Plaintiff presents the following issues for review:
1. Whether the ALJ’s determination that Plaintiff’s depression is not a severe impairment
constitutes legal error. (Doc. 18:3-5).
2. Whether the ALJ’s residual functional capacity determination is supported by substantial
evidence. (Doc. 20:5-8).
Standard of Review
This Court's review of the Commissioner's decision to deny benefits is limited to two
inquires: (1) whether the decision is supported by substantial evidence, and (2) whether the
Commissioner used the proper legal standards to evaluate the evidence. Myers v. Apfel, 238 F.3d
617, 619 (5th Cir. 2001), citing Greenspan v. Shalala, 38 F.3d 232, 236 (5th Cir. 1994), cert. denied,
514 U.S. 1120 (1995); 42 U.S.C. § 405(g). Substantial evidence is more than a scintilla, but less
than a preponderance, and is such relevant evidence as a reasonable mind might accept as adequate
to support a conclusion. Richardson v. Perales, 402 U.S. 389, 401 (1971). A finding of “no
substantial evidence” will be found only where there is a “conspicuous absence of credible choices”
or “no contrary medical evidence.” Johnson v. Bowen, 864 F.2d 340, 343–344 (5th Cir. 1988) (per
curiam) (citing Hames v. Heckler, 707 F.2d 162, 164 (5th Cir. 1983)).
The determination of whether there is substantial evidence to support the fact findings of the
Commissioner does not involve reweighing the evidence, or trying the issues de novo. Newton v.
Apfel, 209 F.3d 448, 452 (5th Cir. 2000); Haywood v. Sullivan, 888 F.2d 1463, 1466 (5th Cir. 1989).
The court may not substitute its own judgment “even if the evidence preponderates against the
[Commissioner's] decision” because substantial evidence is less than a preponderance. Harrell v.
Bowen, 862 F.2d 471, 475 (5th Cir. 1988). Conflicts in the evidence are for the Commissioner and
not the courts to resolve. Spellman v. Shalala, 1 F.3d 357, 360 (5th Cir. 1993) (citing Selders v.
Sullivan, 914 F.2d 614, 617 (5th Cir.1990)).
The court's role is to “scrutinize the record in its entirety to determine whether substantial
evidence supports” the Commissioner's findings. Randall v. Sullivan, 956 F.2d 105, 109 (5th Cir.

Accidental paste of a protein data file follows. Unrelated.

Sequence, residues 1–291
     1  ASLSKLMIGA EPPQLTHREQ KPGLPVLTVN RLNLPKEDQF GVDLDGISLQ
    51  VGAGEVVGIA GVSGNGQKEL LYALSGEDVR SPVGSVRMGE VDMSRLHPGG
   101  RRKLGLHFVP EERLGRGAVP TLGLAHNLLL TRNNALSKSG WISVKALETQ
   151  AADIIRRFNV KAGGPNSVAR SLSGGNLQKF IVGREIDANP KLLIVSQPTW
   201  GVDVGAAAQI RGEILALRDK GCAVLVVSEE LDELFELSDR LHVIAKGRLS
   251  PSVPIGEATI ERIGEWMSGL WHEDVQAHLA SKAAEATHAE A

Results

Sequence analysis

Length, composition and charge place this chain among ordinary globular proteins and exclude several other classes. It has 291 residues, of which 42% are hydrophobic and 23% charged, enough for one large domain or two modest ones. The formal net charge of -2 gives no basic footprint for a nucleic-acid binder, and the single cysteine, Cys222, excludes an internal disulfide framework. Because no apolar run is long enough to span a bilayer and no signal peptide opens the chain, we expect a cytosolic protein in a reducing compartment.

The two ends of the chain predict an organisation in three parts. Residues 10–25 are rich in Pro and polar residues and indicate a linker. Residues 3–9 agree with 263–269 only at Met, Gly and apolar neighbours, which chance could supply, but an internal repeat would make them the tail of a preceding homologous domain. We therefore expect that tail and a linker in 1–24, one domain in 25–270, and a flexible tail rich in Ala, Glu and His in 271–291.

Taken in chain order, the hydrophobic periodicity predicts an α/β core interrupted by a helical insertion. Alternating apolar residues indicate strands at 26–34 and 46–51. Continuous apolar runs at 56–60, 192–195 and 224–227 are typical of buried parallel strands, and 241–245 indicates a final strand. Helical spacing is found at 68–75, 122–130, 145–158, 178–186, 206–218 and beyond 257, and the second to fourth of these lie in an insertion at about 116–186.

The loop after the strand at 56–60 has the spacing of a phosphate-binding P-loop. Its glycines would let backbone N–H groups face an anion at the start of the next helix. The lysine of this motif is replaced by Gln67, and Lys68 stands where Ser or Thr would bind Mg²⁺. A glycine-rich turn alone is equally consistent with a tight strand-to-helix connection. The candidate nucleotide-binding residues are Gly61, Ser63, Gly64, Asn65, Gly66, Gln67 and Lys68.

1992) (citing Ransom v. Heckler, 715 F.2d 989, 992 (5th Cir. 1983) (per curiam)). “The role of the
courts in this quintessentially administrative process is extremely narrow” and “the Commissioner's
decision is granted great deference.” Lewis v. Weinberger, 515 F.2d 584, 586 (5th Cir. 1975);
Leggett v. Chater, 67 F.3d 558, 564 (5th Cir. 1995). If the Commissioner applied the proper
principles of law and his findings are supported by substantial evidence, they are conclusive and
must be affirmed. Spellman v. Shalala, 1 F.3d at 360. Conversely, if the Commissioner's findings
are not supported by substantial evidence, or the Commissioner incorrectly applied the law, the
reviewing court may, inter alia, reverse the Commissioner's decision and remand the case for further
proceedings. Murkeldove v. Astrue, 635 F.3d 784, 792 (5th Cir. 2011).
“Disability” means an “inability to engage in any substantial gainful activity by reason of any
medically determinable physical or mental impairment which can be expected to result in death or
which has lasted or can be expected to last for a continuous period of not less than 12 months.”
Sinayi v. Astrue, No. 3:11-CV-2770-D, 2012 WL 3234414, at *2 (N.D. Tex. Aug. 9, 2012) (quoting
42 U.S.C. § 423(d)(1)(A)). In determining disability, the ALJ makes his findings according to a
sequential five-step evaluation. 20 C.F.R. § 404.1520; Id. § 416.920. A finding that a claimant is
disabled or not disabled at any point in the process is conclusive and terminates the Commissioner's
analysis. Greenspan v. Shalala, 38 F.3d at 236.
In the first step, the ALJ determines whether the claimant is currently engaged in substantial
gainful activity. 20 C.F.R. § 404.1520(a)(4)(i); Id. § 416.920(a)(4)(i). “Substantial gainful activity”
means the performance of work activity involving significant physical or mental abilities for pay or
profit.” Newton, 209 F.3d at 452-53 (citing 20 C.F.R. § 404.1572(a)-(b)). An individual who is
working and engaging in substantial gainful activity will not be found disabled regardless of his
medical condition or his age, education, and work experience. 20 C.F.R. § 404.1520(b); Id. §
The ALJ then determines under the second step whether the claimant has a medically
determinable physical or mental impairment that is severe or a combination of impairments that is
severe. 20 C.F.R. § 404.1520(a)(4)(ii); Id. § 416.920(a)(4)(ii); Stone v. Heckler, 752 F.2d 1099,
1101 (5th Cir. 1985). “[A]n impairment can be considered as not severe only if it is a slight